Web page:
How to Make a Will for Free

How to Make a Will for Free – SmartAsset

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Estate planning can be an overwhelming process, emotionally and mentally. The prices to work with a financial professional certainly don’t help either. These days, it’s possible to find free templates and do-it-yourself kits online that make estate planning more affordable. While after-life planning can be complicated, you may not need to spend money on an estate planning attorney. If your estate is simple, it might be worth investigating how to make a will for free instead. A financial advisor can help you sort through your options for making an estate plan.

Identify a Free Will Template

Your first step is to choose how you’ll obtain the template for your free will. You can either search online for resources that provide a template or work through a reputable legal resource. Often you will find that online services charge little to nothing for a will template, although that price can increase if you want a package with more documents.

Online resources like Freewill.com, a nonprofit site, can also offer forms for advance healthcare directives and durable financial power of attorney. You can alter these forms when you want, but keep in mind you’re responsible for destroying or editing the previous version if you do.

Decide How You Would Like to Distribute Your Assets

Having the form is one thing, but you need to reflect on your distribution wishes carefully. Your will should accurately reflect them. That also requires you to be aware of your assets. So, familiarize yourself with everything that comprises your assets and think about how you want them handled. When you detail the allocation in your will, you should set specific instructions for your beneficiaries. This measure will help your loved ones avoid court costs and in-fighting that can result when a will is too vague.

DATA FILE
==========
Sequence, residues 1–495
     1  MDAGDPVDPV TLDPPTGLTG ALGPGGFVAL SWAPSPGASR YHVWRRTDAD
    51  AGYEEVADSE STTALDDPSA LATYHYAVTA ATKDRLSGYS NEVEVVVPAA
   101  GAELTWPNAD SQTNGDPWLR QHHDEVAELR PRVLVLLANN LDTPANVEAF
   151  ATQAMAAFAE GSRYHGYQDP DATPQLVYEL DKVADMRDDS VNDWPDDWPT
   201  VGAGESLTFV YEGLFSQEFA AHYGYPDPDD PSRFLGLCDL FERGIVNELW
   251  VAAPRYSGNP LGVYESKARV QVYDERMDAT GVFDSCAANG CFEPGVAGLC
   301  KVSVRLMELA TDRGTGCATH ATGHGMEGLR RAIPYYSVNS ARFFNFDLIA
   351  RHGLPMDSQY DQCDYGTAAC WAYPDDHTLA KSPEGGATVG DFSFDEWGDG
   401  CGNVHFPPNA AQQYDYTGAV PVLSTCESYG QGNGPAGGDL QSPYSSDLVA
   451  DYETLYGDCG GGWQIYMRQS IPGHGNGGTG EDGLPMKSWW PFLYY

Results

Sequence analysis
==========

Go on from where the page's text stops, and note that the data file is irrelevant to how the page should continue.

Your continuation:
You also have the option to include varying levels of contingency in your will. For example, you can choose your spouse to receive a certain percentage, but specify that your particular friend will receive it if they don’t outlive you. You can then create a chain of succession. This allows you to minimize updating your will.

Select Someone to Fulfill Your Wishes

When you draft a will, you need to select an individual to execute it. The person will be in charge of seeing your wishes communicated and carried out. The title of this person can change depending on the state. Although you will see them typically called executors, they may also be titled administrators or a personal representatives. Your executor should either be a close, trusted individual in your life or a professional fiduciary.

That way, you can ensure your estate will be administered appropriately and the person you’ve left to do it will have your best interest in mind. If you choose someone close to you, make sure they can handle the emotional stress that may come with the position. So, speak to your candidate(s) beforehand about your expectations and the contents of your will.

Make Sure Your Will Fulfills All Legal Requirements

Each state demands different requirements to recognize your will. These guidelines can include recognized formatting, minimum asset distribution and rules regarding your witnesses. A will can be made invalid for numerous reasons, so it’s important to be careful when drafting yours.